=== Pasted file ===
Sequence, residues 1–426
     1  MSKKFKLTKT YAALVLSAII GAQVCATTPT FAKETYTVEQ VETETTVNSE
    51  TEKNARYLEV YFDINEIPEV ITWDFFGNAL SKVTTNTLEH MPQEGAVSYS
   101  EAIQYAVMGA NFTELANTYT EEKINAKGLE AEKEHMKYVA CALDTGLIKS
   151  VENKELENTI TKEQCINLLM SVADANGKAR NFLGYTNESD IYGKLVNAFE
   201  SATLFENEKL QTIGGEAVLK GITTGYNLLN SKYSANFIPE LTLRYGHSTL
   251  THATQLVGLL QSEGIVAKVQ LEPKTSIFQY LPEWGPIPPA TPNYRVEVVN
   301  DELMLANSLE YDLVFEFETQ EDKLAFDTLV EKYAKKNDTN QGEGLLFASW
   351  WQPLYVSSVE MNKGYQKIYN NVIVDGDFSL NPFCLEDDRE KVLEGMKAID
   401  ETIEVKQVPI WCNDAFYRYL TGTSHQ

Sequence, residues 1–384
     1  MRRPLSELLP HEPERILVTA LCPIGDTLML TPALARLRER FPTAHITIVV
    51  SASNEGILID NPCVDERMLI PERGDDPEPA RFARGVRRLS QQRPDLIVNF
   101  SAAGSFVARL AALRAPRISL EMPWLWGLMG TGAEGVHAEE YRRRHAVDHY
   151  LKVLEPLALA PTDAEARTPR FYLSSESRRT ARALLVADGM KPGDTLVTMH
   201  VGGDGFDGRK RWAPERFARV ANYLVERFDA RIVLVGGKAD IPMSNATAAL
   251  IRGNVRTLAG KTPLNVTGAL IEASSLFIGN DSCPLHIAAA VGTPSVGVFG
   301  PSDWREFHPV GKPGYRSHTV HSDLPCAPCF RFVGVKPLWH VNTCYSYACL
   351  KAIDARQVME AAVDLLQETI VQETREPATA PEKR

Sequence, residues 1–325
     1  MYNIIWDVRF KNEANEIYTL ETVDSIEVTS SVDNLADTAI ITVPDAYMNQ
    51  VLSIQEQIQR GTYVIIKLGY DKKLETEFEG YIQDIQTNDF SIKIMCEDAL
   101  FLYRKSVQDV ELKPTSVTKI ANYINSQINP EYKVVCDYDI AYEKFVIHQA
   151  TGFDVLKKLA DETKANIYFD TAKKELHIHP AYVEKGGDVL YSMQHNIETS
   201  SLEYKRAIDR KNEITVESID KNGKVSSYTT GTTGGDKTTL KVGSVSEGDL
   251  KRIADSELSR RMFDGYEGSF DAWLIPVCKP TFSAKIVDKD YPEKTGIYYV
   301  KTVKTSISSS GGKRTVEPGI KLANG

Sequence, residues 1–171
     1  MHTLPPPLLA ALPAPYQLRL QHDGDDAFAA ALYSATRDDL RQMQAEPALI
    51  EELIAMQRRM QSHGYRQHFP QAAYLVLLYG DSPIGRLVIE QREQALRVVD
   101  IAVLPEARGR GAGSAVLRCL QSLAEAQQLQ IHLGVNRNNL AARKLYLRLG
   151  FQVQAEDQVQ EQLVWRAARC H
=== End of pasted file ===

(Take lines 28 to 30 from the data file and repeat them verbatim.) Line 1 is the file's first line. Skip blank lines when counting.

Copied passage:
Sequence, residues 1–171
     1  MHTLPPPLLA ALPAPYQLRL QHDGDDAFAA ALYSATRDDL RQMQAEPALI
    51  EELIAMQRRM QSHGYRQHFP QAAYLVLLYG DSPIGRLVIE QREQALRVVD